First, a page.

By limiting the amount of dead or processed food we eat and increasing the enzyme-rich food, we can augment our supply of deployable enzymes and keep inflammation at bay. Besides our digestive processes, our immune system relies on enzyme activity to inflame and anti-inflame tissue – so having an ample amount is crucial for supporting immune balance. Some enzyme rich foods include raw fruits and vegetables (pineapple and papaya especially), fermented foods like sauerkraut and kimchi, raw meats like sushi, tartare, and carpaccio, and raw unfiltered honey. Proteolytic or protein-loving enzymes are especially helpful for inflammation issues when taken on an empty stomach. Virtually everyone could benefit from supplementing with these.

 

5)      Move and thin your stagnant bile.

Eating plenty of quality fats such as avocados, coconuts, olives, grass-fed butter, and pastured lard, tallow, and animal fat is a great way to provide the building blocks for healthy bile. Ensuring that it flows freely and abundantly will also depend on your liver status, your movement, and your diet. Supplementation with Phosphatidyl choline, amino acids like taurine, sea salt, and vitamin C can be therapeutic for stubborn cases. If you suspect you’re short on bile, maybe because you’ve had your gallbladder out, adding in Ox bile can be a game changer.

 

6)      Seal up your leaky gut lining.

The best way to avoid a leaky gut is to ensure all of the Northward steps of digestion are humming like a sweet machine, and identifying and removing any food sensitivities such as gluten, dairy, FODMAPS, etc. Doing the latter may require embarking on an elimination diet to get some answers. Drinking plenty of glutamine and collagen rich broths that provide important nutrients for strengthening the gut lining, and fermented foods and probiotic supplements can help to root out any infections form taking hold.

 

7)      Maintain a healthy microbial balance.

Eating a variety of plant fibers and prebiotics such as flavonols and polyphenols is the best way to promote a diverse and abundant microflora population. This might change if you are suffering from an overgrowth, in which case you may benefit from temporarily limiting your fibers while you get the invasion under control. Ingesting fermented foods and probiotic supplements will also help to reinoculate the gut with what it needs. I love the probiotics from Klaire Labs - they have a quality option for all three probiotic categories (soil-based, lacot-bifido, and S. boulardii) that work synergistically together for a powerful effect. Spending time in the dirt, perhaps gardening, camping, or playing sports, can also help you get a healthy dose of immuno-modulating organisms.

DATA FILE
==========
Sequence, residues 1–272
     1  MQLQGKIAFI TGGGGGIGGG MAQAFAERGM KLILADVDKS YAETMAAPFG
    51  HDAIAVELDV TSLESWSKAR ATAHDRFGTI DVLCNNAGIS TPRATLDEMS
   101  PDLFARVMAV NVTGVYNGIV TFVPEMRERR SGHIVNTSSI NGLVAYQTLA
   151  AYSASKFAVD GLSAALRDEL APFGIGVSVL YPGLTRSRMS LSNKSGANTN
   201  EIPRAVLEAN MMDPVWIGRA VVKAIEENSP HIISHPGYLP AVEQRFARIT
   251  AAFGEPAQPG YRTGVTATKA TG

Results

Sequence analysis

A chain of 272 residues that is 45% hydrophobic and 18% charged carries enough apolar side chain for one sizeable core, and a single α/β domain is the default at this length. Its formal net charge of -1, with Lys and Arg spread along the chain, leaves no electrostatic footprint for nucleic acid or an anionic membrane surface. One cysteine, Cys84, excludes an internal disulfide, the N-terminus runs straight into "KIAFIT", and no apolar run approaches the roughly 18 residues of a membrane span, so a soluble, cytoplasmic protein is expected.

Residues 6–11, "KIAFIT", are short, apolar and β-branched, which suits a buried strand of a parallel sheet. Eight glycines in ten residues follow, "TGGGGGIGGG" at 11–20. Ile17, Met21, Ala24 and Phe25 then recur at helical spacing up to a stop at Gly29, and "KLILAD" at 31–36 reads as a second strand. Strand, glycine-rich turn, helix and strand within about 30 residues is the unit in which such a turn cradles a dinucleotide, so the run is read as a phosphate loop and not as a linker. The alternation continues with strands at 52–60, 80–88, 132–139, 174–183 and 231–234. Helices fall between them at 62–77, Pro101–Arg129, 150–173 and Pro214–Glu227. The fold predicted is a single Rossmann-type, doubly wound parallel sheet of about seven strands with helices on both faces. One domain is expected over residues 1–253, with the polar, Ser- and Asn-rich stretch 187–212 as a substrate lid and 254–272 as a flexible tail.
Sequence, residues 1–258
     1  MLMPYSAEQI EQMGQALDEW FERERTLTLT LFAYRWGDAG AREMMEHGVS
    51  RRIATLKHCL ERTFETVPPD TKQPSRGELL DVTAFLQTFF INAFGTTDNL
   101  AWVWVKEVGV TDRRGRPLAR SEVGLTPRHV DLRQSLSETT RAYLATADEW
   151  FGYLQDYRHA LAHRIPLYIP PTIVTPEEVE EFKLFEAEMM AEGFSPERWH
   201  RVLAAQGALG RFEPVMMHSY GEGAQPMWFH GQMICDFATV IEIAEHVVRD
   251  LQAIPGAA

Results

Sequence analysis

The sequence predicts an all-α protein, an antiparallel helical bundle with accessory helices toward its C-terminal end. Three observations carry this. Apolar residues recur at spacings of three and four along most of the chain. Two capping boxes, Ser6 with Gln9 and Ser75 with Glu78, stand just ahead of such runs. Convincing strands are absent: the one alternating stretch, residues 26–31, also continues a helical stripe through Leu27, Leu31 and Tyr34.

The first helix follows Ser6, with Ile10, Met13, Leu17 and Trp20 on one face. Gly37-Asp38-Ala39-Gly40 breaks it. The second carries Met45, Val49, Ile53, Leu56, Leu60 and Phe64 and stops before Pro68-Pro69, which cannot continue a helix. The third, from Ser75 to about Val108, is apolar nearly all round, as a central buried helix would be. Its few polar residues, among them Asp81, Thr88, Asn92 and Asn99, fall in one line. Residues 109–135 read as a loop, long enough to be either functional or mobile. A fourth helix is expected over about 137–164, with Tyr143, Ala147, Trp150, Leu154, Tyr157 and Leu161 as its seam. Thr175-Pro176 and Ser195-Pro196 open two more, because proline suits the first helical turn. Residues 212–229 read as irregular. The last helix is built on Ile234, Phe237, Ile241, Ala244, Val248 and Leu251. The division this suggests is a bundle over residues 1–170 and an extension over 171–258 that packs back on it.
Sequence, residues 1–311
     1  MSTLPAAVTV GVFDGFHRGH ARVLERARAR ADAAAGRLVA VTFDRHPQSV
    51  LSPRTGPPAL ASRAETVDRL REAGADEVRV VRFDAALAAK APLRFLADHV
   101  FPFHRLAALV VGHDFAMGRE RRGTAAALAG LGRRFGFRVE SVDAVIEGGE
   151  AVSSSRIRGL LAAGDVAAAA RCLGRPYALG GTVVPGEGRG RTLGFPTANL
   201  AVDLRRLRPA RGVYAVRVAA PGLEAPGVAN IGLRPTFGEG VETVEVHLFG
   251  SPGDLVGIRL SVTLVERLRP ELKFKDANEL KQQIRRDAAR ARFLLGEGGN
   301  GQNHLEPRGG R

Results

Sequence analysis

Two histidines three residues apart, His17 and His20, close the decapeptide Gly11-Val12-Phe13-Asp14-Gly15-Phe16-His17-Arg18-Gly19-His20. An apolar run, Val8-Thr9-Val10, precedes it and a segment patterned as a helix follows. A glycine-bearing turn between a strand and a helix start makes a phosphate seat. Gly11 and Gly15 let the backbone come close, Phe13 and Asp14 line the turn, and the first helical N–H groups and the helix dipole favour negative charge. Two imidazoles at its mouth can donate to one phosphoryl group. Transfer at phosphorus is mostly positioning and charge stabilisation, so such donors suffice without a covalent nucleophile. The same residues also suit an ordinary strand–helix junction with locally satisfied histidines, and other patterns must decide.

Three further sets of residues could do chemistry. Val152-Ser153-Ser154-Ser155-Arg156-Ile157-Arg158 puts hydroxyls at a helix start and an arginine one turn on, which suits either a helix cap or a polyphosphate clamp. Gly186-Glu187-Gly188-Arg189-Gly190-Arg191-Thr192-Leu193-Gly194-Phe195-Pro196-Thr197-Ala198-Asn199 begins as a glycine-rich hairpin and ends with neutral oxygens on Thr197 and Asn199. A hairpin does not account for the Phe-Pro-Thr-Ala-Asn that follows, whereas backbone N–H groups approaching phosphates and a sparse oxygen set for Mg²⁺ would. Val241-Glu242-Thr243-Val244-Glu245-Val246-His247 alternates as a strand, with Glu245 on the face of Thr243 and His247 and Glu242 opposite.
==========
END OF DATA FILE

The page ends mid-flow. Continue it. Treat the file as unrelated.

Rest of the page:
8)      Keep your colon moving.

Chronic dehydration can cause a shortage of digestive secretions and lubrications, which can result in a sluggish bowel. Drink plenty of clean water to keep things moving smoothly. Once again, the enzymes and probiotics found in probiotic foods can prove incredibly therapeutic. Focusing on healthy fats while avoiding congesting processed foods and glutinous foods can be helpful. If worse comes to worse, taking a mix of demulcent herbs that help to coat and soothe the gut lining can help to move things along in the short term - things like aloe, slippery elm, and marshmallow root. 

 In summary…

1. Promote proper food breakdown by:

  • Relaxing at meal time

  • Chewing your food

  • Increasing endogenous Stomach Acid and Enzyme production through food and supplements

  • Avoiding common food allergens you may be sensitive to

  • Eating a whole foods, nutrient-dense diet!

2. Support healthy microflora by:

  • Eating fermented foods, taking supplemental probiotics, and spending time outside

  • Eating or supplementing with prebiotics if tolerated – diverse plant fibers and compounds

  • Avoiding sugary or refined carbohydrates

  • Eating a whole foods nutrient-dense diet!

3. Ensure you eliminate regularly and easily by:

  • Supporting bile flow through healthy fat ingestion and supplementation

  • Drinking plenty of water

  • Supplementing with demulcent herbs

  • Eating a whole foods nutrient-dense diet!